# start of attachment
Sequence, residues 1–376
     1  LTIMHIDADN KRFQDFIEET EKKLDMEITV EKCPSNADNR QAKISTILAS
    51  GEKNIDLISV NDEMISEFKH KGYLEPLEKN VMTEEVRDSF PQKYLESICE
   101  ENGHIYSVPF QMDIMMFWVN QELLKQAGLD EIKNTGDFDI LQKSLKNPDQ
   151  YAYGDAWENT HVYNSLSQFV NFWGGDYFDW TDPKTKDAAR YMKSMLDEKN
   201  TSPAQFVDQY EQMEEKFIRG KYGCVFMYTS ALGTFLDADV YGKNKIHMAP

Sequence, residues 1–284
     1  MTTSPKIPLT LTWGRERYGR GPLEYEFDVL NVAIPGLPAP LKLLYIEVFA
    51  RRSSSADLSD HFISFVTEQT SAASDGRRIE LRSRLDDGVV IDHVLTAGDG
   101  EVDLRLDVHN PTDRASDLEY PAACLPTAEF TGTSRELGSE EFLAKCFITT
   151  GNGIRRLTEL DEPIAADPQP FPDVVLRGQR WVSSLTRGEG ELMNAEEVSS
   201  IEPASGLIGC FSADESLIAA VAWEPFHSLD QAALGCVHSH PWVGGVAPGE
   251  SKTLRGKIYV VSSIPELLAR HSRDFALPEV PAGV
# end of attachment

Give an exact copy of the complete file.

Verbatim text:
Sequence, residues 1–376
     1  LTIMHIDADN KRFQDFIEET EKKLDMEITV EKCPSNADNR QAKISTILAS
    51  GEKNIDLISV NDEMISEFKH KGYLEPLEKN VMTEEVRDSF PQKYLESICE
   101  ENGHIYSVPF QMDIMMFWVN QELLKQAGLD EIKNTGDFDI LQKSLKNPDQ
   151  YAYGDAWENT HVYNSLSQFV NFWGGDYFDW TDPKTKDAAR YMKSMLDEKN
   201  TSPAQFVDQY EQMEEKFIRG KYGCVFMYTS ALGTFLDADV YGKNKIHMAP

Sequence, residues 1–284
     1  MTTSPKIPLT LTWGRERYGR GPLEYEFDVL NVAIPGLPAP LKLLYIEVFA
    51  RRSSSADLSD HFISFVTEQT SAASDGRRIE LRSRLDDGVV IDHVLTAGDG
   101  EVDLRLDVHN PTDRASDLEY PAACLPTAEF TGTSRELGSE EFLAKCFITT
   151  GNGIRRLTEL DEPIAADPQP FPDVVLRGQR WVSSLTRGEG ELMNAEEVSS
   201  IEPASGLIGC FSADESLIAA VAWEPFHSLD QAALGCVHSH PWVGGVAPGE
   251  SKTLRGKIYV VSSIPELLAR HSRDFALPEV PAGV